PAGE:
IBJNews

INSIDE DISH: Patachou Inc. has full plate with expansion plans

Back to TopCommentsE-mailPrintBookmark and Share
Inside Dish

Welcome to the 50th edition of IBJ’s video feature “Inside Dish: The Business of Running Restaurants,” which debuted in April 2010 to give readers an insider’s perspective on the high-risk world of eatery entrepreneurs.

Our subject for this anniversary edition is Indianapolis institution Patachou Inc., which took root in 1989 as Café Patachou in a modest, 1,600-square-foot retail space at 4911 N. Pennsylvania St. Without any practical restaurant experience, founder Martha Hoover nonetheless struck a chord with from-scratch cooking that emphasized fresh, farm-to-table ingredients long before the concept was chic.



Today, seven restaurants from downtown Indianapolis to Carmel operate under the Patachou Inc. umbrella, with two more slated to open by the end of 2012. Hoover, 57, also has aggressive plans to open as many as six new restaurants by 2020, at least in part by venturing outside central Indiana.

“We’re in our young adulthood,” Hoover said. “We’re at a point where we’re going to be searching and seeing what we can do and what’s out there for us.”

Hoover and a real estate advisor are actively scoping neighborhoods in nearby cities such as Bloomington, Lafayette, Columbus and Ft. Wayne. They also are considering out-of-state locales such as Chicago, St. Louis, Louisville, Ky., and Cincinnati and Columbus, Ohio.

“One of the criteria important to me is that I can drive there and be home in one day,” Hoover said. “And I’m looking for neighborhoods that really closely resemble Meridian-Kessler.”

Dish Patachou factboxHoover, a former attorney in the Marion County Prosecutor’s sex crimes division, was pregnant with her third child as she prepared to open the first Café Patachou (with a startup investment close to $100,000). As a result, she tends to find parallels between the growth of her enterprise and the maturation of her 22-year-old son, David.

“It’s kind of like having a child,” she said. “There’s nine months of pregnancy, and then you go through a very difficult delivery. You go through infancy to being a toddler to the terrible twos, all the way through high school and beyond.”

A key moment in the evolution of the Patachou family came as David turned 16 and began to drive.

“I realized that I had a remarkable amount of freedom for the first time in many years,” Hoover said. “And that really made me sit back and think, ‘What do I want, where do I want it, and how am I going to get it?’ And it put into perspective that the business was maturing, and I really needed to make some plans for its adulthood.”

Hoover responded in 2006 by opening the first location of a new concept, Petite Chou. Inspired by French bistros, the Broad Ripple eatery expanded the Patachou palate to include dinner. A second Petite Chou opened in Carmel in 2009, followed by the Neopolitan-style pizza joint Napolese in 2011, located in the same retail strip at 49th and Pennsylvania streets where Hoover got her start.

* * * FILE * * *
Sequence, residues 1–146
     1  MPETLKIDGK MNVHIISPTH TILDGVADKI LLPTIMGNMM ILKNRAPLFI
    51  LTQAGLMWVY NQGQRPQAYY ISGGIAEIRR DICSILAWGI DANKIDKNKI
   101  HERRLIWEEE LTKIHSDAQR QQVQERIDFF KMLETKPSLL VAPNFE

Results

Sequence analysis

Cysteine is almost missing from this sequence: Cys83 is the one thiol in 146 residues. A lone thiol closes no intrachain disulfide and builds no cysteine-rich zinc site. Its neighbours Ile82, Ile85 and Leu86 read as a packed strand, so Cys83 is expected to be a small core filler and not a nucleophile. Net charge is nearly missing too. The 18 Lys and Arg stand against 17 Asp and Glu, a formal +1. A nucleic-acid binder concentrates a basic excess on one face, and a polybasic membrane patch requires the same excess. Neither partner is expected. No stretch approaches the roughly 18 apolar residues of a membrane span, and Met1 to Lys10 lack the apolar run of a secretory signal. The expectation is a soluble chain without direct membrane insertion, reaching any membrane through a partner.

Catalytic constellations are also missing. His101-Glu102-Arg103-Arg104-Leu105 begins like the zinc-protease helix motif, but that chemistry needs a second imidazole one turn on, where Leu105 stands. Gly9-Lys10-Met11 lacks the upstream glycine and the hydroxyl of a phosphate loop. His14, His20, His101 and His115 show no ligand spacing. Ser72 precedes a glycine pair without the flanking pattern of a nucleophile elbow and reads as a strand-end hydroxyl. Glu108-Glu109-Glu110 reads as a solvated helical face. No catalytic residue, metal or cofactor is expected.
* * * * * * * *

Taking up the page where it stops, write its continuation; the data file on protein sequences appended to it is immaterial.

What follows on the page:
A believer in long-term planning, Hoover has crafted a guiding document for further expansion called Vision 2020, which calls for 12 to 15  Patachou restaurants by the year 2020. The next two–the eighth and ninth in the family–are slated to open this year. Public Greens, a new concept featuring “guilty pleasures for healthy people,” is scheduled to open this summer at 902 E. 64th St. along the Monon Trail in Broad Ripple. A new Napolese is ballparked for the fourth quarter at 30 S. Meridian St. in the lobby of the former L.S. Ayres department store annex downtown.

The key to maintaining food quality and consistency between the different restaurants is Patachou’s production kitchen, first established in the mid-1990s after Hoover opened her second café. Anything that can be prepared ahead of time—such as salad dressings, desserts, soups, and specially prepared meats—is created in the kitchen and then delivered to individual locations.

“We have to have control over our food,” she said. “No one else is going to make our food the way we make it. No one else will have the oversight to make sure things are being made properly, stored properly and distributed properly. I’m a total control freak when it comes to our food.”

In January, Hoover relocated the kitchen from its original location at 126th Street and Gray Road to a new, state-of-the-art facility at 4923 N. College Ave. The 2,000-square-foot kitchen is adjacent to Patachou’s new 400-square-foot administrative offices, representing a $350,000 total investment for the firm.

“It’s as expensive as opening a restaurant, without the income potential of opening up a restaurant,” Hoover said. “But how else were we going to serve other restaurants, increase our capacity by opening up a new Napolese or Public Greens, or going to other markets? We really needed something that was state-of-the-art and that allowed for our future growth.”

Hoover expects to finance the expansion with a mix of bank loans and cash flow from the restaurants, as she has funded past growth spurts. Patachou Inc. is profitable, said Hoover, declining to provide specifics on gross sales and net income.

In the video at top, Hoover provides an oral history of her initial foray into the restaurant business in 1989 with Café Patachou, and the lessons and benefits earned from her naivete. In the video below, she discusses her initial decision to expand beyond the original location, the importance of the production kitchen, and her criteria for choosing new locations.





 

ADVERTISEMENT

  • cp
    Love....our favorite is 49th&Pennsylvania. . We have got bad service a few times at Carmel, dissappointing & just don't go back,..sometimes going to cp is the main reason for going to Indy...